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Drought tolerance of wild vs. cultivated tree species of almond and plum in the field.

07:00 EST 20th December 2019 | BioPortfolio

Summary of "Drought tolerance of wild vs. cultivated tree species of almond and plum in the field."

Trees of the genus Prunus produce some of the most widely consumed fruits globally. The combination of climate change-related warming and increased drought stress, scarcity of freshwater resources for irrigation, and increasing demands due to population growth, creates a need for increased drought tolerance in these tree species. Recently, we have shown in the field that a native wild pear species performs better under drought than two cultivated pear species. Here, a comparative field study was conducted in Israel to investigate traits associated with drought tolerance in almond (cultivated Prunus dulcis vs. wild Prunus ramonensis) and plum (cultivated Prunus domestica vs. wild Prunus ursina). Measurements of xylem embolism and shoot and root carbon reserves were done along a year, including seasonal drought in the wild, and a 35-days drought experiment in the orchards. Synchronous measurements of native xylem embolism and shoot water potential showed that cultivated and wild almond trees lost ~50% of hydraulic conductivity at -2.3 and -3.2 MPa, respectively. Micro CT images confirmed the higher embolism ratio in cultivated vs. wild almond, whereas the two plum species were similar. Dynamics of tissue concentrations of nonstructural carbohydrates were mostly similar across species, with higher levels in cultivated vs. wild plum. Our results indicate an advantage for the wild almond over its cultivated relative in terms of xylem resistance to embolism, a major risk factor for trees under drought stress. This result is in line with our previous experiment on pear species. However, the opposite trends observed among the studied plum species mean that these trends cannot be generalized. It is possible that the potential for superior drought tolerance in wild tree species, relative to their cultivated relatives, is limited to wild species from dry and hot habitats.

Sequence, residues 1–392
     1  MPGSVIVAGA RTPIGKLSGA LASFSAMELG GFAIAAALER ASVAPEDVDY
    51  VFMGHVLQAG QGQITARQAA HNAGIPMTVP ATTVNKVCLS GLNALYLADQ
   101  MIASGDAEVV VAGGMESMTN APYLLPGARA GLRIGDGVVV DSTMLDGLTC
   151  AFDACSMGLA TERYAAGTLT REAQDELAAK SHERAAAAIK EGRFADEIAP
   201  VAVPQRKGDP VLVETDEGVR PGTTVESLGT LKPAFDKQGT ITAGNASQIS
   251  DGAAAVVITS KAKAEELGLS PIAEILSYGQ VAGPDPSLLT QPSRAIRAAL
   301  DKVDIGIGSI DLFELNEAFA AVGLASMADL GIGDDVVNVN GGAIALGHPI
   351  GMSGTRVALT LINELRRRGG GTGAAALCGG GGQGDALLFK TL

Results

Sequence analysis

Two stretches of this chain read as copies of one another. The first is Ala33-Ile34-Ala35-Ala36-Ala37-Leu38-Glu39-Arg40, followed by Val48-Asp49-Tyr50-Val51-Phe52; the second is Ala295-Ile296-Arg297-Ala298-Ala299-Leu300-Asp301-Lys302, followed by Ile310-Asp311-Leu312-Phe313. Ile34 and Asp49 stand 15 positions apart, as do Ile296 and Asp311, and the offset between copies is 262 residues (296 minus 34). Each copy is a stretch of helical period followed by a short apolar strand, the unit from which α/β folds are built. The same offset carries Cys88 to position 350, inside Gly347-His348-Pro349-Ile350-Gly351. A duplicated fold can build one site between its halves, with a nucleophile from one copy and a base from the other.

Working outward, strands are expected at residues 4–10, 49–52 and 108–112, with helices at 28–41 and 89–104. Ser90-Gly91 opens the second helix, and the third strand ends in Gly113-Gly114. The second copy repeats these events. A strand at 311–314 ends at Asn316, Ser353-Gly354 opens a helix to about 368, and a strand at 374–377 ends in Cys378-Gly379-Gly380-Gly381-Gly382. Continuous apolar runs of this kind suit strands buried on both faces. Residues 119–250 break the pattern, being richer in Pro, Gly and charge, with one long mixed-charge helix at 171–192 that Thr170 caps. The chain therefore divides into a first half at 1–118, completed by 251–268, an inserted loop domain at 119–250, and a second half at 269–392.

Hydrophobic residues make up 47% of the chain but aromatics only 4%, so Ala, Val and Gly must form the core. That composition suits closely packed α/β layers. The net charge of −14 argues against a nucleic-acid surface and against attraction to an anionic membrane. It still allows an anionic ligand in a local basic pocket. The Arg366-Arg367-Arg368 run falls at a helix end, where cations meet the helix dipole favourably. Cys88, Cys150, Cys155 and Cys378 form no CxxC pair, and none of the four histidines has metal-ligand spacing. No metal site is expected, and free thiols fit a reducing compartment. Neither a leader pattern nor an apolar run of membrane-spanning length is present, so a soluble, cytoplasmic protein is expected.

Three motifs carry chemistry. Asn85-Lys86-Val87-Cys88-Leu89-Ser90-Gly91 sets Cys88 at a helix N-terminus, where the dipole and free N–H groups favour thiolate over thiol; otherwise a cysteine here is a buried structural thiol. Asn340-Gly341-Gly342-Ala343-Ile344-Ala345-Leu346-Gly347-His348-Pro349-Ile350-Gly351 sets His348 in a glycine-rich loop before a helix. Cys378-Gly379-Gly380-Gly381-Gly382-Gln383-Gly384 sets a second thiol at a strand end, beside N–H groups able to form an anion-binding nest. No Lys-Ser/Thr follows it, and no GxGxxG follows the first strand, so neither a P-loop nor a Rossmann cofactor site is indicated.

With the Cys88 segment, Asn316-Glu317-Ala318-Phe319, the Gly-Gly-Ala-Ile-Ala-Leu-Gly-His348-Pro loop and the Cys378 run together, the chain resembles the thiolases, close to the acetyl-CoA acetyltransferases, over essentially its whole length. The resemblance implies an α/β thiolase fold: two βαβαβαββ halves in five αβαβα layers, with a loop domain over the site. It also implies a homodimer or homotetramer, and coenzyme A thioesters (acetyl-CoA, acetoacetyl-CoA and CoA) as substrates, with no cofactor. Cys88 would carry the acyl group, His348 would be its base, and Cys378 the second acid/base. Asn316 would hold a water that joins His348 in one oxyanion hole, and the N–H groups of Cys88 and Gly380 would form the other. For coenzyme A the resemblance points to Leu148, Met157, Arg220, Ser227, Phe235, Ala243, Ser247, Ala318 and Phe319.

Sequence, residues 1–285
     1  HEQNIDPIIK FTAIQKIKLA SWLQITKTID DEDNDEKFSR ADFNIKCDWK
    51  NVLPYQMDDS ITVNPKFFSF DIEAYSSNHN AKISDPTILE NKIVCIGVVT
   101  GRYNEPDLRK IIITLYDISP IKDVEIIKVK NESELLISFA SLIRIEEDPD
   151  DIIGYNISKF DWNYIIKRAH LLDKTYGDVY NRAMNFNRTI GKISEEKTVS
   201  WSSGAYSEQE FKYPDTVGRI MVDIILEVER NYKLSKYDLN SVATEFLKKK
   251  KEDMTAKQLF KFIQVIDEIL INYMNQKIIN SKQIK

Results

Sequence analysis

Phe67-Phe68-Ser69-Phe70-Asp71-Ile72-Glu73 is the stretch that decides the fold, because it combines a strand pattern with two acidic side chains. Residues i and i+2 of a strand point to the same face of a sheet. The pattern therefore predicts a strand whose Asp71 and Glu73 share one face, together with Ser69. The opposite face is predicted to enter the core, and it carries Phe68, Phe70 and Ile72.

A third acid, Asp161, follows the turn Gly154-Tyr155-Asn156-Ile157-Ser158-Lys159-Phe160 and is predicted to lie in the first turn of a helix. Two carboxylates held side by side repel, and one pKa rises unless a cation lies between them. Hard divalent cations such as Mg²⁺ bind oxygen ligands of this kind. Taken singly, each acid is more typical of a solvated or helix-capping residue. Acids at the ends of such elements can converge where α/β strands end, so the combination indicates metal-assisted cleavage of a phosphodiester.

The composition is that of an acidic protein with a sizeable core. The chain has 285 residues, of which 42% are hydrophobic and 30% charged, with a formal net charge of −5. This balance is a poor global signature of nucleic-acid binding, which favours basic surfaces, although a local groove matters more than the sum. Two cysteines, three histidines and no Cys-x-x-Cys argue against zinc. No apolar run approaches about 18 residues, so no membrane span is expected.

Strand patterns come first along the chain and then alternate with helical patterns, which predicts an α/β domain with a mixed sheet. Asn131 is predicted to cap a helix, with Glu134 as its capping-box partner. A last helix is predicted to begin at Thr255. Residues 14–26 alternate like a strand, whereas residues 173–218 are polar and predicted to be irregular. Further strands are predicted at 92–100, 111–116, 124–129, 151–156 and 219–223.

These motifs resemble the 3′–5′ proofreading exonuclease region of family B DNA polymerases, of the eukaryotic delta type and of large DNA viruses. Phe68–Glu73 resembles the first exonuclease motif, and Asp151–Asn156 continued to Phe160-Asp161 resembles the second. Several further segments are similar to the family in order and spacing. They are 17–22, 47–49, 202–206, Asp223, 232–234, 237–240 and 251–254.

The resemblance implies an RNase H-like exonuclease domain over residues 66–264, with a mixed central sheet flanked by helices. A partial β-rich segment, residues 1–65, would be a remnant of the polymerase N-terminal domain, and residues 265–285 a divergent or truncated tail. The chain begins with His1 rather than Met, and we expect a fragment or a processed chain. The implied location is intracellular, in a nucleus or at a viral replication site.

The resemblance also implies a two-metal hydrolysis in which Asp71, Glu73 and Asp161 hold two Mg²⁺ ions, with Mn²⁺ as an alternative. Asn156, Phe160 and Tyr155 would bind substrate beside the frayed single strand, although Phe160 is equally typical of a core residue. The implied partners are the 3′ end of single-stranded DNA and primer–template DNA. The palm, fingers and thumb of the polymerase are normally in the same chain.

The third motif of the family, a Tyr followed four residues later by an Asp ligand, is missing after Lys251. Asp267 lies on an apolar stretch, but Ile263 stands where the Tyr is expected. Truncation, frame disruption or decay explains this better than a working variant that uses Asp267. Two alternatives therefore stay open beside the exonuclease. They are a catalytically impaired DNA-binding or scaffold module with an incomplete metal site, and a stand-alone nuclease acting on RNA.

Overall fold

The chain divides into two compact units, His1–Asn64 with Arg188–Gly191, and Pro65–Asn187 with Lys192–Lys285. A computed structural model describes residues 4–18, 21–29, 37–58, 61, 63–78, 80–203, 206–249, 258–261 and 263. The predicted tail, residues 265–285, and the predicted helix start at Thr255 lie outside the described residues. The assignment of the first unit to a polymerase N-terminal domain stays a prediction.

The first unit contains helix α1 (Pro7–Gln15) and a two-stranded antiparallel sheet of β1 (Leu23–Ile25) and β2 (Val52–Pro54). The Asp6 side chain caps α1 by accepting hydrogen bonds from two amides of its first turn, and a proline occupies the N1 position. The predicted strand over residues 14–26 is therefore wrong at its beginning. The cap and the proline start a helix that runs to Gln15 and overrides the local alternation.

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Name: Tree physiology
ISSN: 1758-4469
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